328-foot-long Black Lives Matter sign

Volunteers paint a 328-foot-long Black Lives Matter sign with 25-foot-tall letters on the pavement in front of the State House in Montpelier.

With the cumulative impact of a changing climate, a deadly virus and the uprising of millions of Americans over the injustices of our privileged society, Americans are taking stock. Many are considering, from their quarantine retreats, whether the bedrock principles of American democracy are still alive. Our country’s reason for being was founded on the proposition that all people are created equal, and that our government is of, by and for the people.

President Abraham Lincoln, in 1863, at the dedication ceremony for the Civil War burial grounds, put the matter to the nation: “Now we are engaged in a great civil war, testing whether that (our) nation, or any nation so conceived (in liberty and justice) and so dedicated (to equality), can long endure.”

Today, 157 years later, we are still testing. And it would appear we are failing to keep our core principles alive. Our government is of, by and for the corporation and equality is only for the 1%. The mindset of today is clearly at odds with our claim on democratic principles.

If we really believe in the inclusionary, egalitarian democracy our country is based on, then we will need to change our actions to reflect the thinking that created the America we all want to believe in. Rarely has the occasion to make significant strides to improve the lives of our whole population been offered up as starkly as it is today. With the trifecta of pain and suffering from environmental damage to disease and injustices, we have been handed a golden opportunity to make positive changes in our social structure, to re-examine the way we approach economic stability, education, food distribution, caring for others, making a living, raising a family and how to create a more just, inclusive and diverse society.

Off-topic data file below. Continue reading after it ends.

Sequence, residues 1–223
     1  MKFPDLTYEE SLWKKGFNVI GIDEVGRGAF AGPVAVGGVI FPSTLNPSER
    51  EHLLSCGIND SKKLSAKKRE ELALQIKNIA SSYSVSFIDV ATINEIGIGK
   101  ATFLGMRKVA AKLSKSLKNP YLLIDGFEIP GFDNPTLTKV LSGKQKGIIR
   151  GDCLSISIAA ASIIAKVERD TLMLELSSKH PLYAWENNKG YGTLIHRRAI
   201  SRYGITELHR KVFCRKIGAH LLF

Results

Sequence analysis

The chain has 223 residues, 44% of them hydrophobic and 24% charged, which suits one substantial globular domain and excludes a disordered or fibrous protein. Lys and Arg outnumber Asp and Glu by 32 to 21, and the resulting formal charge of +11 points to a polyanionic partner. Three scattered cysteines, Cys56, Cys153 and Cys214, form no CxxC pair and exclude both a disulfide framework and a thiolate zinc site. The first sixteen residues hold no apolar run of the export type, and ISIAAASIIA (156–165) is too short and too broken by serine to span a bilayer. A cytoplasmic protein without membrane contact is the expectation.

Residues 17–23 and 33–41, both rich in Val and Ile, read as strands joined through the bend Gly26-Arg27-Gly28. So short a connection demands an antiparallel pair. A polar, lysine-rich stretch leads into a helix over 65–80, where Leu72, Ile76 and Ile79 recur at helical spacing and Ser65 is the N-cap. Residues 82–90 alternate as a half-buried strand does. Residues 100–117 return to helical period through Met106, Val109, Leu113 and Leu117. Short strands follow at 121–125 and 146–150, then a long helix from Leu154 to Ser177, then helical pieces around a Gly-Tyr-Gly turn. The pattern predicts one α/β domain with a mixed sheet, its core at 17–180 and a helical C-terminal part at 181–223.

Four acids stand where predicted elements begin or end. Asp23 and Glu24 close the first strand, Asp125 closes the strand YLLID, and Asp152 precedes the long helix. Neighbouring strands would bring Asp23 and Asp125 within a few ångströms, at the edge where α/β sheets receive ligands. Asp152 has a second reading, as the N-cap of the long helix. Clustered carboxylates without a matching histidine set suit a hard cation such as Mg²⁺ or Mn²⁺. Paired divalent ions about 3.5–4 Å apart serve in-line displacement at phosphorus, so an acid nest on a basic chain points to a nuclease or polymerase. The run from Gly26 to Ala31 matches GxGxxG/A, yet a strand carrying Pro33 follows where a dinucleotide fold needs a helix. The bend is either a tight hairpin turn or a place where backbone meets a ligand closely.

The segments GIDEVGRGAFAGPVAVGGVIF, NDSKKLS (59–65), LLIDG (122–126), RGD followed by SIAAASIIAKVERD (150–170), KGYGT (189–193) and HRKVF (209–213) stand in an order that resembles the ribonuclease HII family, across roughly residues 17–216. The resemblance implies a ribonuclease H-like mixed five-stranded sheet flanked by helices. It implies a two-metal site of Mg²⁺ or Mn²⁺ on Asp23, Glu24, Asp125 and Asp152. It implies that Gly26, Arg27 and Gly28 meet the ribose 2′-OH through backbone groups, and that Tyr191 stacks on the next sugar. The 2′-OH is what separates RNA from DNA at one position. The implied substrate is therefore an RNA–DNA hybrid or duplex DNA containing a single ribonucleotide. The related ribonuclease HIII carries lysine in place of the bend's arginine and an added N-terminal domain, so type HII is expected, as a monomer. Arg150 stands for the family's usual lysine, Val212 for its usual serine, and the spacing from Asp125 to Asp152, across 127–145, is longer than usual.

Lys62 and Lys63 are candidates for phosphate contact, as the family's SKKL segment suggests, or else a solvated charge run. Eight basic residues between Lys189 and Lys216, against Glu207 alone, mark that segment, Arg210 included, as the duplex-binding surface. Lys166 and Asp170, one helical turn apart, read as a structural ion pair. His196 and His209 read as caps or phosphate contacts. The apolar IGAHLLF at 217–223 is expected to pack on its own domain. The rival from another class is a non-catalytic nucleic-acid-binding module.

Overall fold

Civilizations evolve, communities can either deal with course corrections and thrive, or deny the handwriting on the wall and become irrelevant or failed. We are at that juncture now. Has the American experiment failed? Can we manage a system of government that promotes fairness?

The more we oppose the premise of equality, the more we do not walk our talk, the more fragile our democracy becomes.

The pandemic and the heightened awareness of continued police brutality, economic inequalities and failures of governance, have laid bare problems we have swept under the rugs of our culture for generations. We want desperately to not see them. We want only to return to the comfort of business as usual and rule over others, and over the environment. The trick will be to hold on long enough to the painful realizations that these old ways do not serve us, so we can think about them with new eyes.

We need a new narrative, one that weaves together a comprehensive understanding of how a more diverse society can work for the common good. We are in a unique position to keep the best from the quarantine days — the carbon dioxide reductions, the taking care of each other, the getting to know our children and neighbors, integrating home with work and school, growing our own food, having time to reflect.

We know on some level that our bedrock principles are threatened. But are we sufficiently awake, informed and aware to see how pervasive the dis-ease is and how urgent the call to unite in solidarity to rescue our failing democracy and a critically ill planet? Can we believe once again in the proposition that “this nation shall have a new birth of freedom (and justice) and that government of the people, by the people, for the people, shall not perish from the Earth.”

Elizabeth Courtney is an author and environmental consultant. Email her at elizabethcourtneyvt@gmail.com

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